Need for speed: Agility and responsiveness key to succeeding in China’s hyperactive beauty market – A.S. Watson
According to Kantar Worldpanel, the Chinese beauty market saw its skin care and make-up categories increase 13% and 17% respectively during 2018, outperforming total FMCG growth rates.
For the first half of 2019, A.S. Watson subsidiary, Watsons China, delivered a healthy EBITDA margin of 19% and revenue growth of 8%.
From June 2018 to June 2019, the health and beauty retail group increased store numbers in China by 9% and it plans to continue opening more doors.
Last April, the company announced it planned to open over 1,300 stores this year, and over one-third was planned for China, reflecting the size of the opportunity A.S. Watson sees in the market.
Malina Ngai, group chief operating officer of the A.S. Watson Group told CosmeticsDesign-Asia: “The opportunity is huge if the company is agile enough to respond quickly.”
A.S. Watson considers beauty and health its “high-growth” categories in China as well as the rest of Asia.
“If we look at the return on capital investment, in China it’s about less than a year to pay back – this is our customers telling us their demand, therefore we are confident about the China market,” said Ngai.
Ngai added that the beauty category remained “resilient” with good growth. In particular, its cosmetics and derma skin categories were growing among beauty consumers aged 15 to 45 years.
The firm hopes to capitalise on the growing demand in the colour cosmetics category, which is rapidly growing in China.
“[Colour cosmetics] is a much smaller category than skincare in China but is growing immensely amongst the younger customers in particular. Their increasing knowledge and adoption in makeup regimes brings new opportunities to the category,” said Ngai.
Additionally, A.S. Watson also sees the potential for vitamin and supplements in China, which are growing in popularity with consumers as young as 25 years old.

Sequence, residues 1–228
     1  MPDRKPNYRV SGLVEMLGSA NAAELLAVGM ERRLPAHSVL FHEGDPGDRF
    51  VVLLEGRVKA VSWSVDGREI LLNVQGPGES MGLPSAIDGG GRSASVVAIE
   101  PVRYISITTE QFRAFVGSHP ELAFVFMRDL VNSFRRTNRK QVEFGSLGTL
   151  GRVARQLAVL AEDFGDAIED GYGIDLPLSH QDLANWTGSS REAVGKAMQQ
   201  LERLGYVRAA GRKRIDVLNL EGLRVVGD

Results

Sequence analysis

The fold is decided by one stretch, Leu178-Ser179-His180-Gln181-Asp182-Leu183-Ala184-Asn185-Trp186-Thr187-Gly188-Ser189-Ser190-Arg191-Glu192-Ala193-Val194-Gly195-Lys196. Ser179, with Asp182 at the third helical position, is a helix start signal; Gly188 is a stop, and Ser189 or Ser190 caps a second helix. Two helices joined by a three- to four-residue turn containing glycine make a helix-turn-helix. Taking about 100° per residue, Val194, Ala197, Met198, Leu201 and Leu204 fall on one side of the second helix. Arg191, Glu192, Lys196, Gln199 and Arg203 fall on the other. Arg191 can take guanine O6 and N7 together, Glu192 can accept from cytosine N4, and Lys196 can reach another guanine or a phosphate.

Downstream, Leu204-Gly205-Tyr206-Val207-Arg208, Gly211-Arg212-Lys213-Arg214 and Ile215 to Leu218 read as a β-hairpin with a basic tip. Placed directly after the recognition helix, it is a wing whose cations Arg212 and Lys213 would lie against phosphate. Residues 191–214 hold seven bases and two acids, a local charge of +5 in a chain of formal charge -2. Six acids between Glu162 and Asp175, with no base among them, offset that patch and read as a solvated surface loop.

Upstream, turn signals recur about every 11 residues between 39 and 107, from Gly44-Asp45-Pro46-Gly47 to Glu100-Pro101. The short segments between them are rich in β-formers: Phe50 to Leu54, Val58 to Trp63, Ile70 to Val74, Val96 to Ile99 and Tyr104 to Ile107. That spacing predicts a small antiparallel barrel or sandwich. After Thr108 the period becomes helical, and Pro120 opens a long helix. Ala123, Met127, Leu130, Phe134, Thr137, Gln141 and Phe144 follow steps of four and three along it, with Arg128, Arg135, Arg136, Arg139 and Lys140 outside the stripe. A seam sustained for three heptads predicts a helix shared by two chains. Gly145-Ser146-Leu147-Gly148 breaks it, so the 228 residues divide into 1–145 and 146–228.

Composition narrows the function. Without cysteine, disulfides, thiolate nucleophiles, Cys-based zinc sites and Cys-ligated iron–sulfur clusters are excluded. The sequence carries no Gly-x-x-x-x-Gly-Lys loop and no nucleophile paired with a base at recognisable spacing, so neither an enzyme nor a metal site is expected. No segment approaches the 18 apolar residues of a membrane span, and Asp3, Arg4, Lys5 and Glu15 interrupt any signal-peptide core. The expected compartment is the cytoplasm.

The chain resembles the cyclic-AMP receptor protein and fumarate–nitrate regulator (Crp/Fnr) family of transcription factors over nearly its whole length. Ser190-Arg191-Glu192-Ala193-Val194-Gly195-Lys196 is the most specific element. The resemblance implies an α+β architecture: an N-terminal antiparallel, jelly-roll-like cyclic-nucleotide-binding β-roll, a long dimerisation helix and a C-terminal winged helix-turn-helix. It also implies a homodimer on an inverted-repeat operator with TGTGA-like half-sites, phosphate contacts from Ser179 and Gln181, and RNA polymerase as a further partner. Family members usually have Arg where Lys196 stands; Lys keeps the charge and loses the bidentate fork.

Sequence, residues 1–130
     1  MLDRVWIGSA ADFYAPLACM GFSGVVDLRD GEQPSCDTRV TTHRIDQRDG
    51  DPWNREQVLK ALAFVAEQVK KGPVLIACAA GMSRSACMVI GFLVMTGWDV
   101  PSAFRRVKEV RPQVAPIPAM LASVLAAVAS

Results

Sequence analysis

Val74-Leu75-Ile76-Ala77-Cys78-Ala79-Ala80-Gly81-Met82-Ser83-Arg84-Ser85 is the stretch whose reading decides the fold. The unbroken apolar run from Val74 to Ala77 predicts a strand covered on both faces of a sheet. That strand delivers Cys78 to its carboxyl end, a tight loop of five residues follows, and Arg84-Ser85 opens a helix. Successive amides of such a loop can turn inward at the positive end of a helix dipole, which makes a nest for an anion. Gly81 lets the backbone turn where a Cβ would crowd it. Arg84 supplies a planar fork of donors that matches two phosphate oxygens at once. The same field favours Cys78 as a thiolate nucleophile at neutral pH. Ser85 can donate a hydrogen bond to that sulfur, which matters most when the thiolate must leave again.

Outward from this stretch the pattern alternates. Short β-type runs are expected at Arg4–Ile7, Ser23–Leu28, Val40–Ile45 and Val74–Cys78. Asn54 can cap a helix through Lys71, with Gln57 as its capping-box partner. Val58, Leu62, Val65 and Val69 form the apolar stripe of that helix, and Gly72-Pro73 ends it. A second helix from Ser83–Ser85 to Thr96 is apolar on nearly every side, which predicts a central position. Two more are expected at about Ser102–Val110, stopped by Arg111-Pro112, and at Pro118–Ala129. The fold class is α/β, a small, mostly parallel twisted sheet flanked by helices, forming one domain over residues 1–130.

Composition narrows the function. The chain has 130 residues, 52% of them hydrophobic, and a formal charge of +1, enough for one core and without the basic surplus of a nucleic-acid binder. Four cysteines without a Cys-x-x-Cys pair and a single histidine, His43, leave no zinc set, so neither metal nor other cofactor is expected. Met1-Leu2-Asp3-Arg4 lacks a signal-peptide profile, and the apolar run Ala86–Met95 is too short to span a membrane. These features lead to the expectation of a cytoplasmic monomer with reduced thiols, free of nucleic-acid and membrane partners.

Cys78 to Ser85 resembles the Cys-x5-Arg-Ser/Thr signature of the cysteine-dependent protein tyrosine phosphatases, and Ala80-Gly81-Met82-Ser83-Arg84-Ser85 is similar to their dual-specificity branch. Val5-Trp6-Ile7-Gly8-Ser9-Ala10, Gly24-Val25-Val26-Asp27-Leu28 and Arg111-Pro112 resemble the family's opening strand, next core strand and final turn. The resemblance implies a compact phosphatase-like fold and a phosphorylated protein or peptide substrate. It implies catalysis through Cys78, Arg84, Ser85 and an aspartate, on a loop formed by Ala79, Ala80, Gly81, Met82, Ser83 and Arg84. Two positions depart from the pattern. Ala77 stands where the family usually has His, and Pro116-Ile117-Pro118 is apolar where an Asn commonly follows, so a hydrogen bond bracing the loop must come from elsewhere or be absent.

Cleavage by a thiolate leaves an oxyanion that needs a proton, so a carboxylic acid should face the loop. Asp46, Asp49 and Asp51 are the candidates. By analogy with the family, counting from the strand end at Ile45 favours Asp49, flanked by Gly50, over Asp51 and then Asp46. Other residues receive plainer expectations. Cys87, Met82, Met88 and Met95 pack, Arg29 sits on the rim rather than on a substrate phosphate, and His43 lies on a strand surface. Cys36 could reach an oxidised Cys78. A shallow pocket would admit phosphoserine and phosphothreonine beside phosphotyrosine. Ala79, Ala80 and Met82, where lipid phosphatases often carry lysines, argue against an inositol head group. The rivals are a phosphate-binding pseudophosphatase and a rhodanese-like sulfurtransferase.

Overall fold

Speed is key
These trends are growing largely thanks to the country’s rich and diverse social media landscape.
“Consumers in China are socially very active. This helps to create demands in beauty hence a lot of opportunities in all city tiers,” said Ngai.
However, the opportunities in China’s beauty market can prove to be a double-edged sword, Ngai added.
“Speed is the challenge. Everything moves so fast, including changes in consumer behaviours. The challenge to brands and retailers is to stay relevant to customers in terms of product innovation, experience, and marketing communications.”
In order to overcome this challenge, A.S. Watson has to rely on technology to help the firm keep abreast with trends and consumer demands.
In 2018, the group invested HK$1bn to launch DataLab, a team dedicated on data science by generating insights on its 135 million consumers in its loyalty program.
“Our organisation is designed to allow us to listen to customer feedback constantly, make decisions based on science, and action efficiently in order to overcome the challenge,” Ngai said.
Additionally, the company invests in in-store digital innovations, bridging its offline and online platforms to keep connected with its consumers.
This includes partnerships with technology companies like Meitu and L'Oréal-backed ModiFace to enhance the beauty retail experience.
Moving forward, Ngai said the company’s focus remains on building its relationship with its consumer by maintaining a relevant assortment of offers, optimising its physical store network, online channels and team of beauty advisors.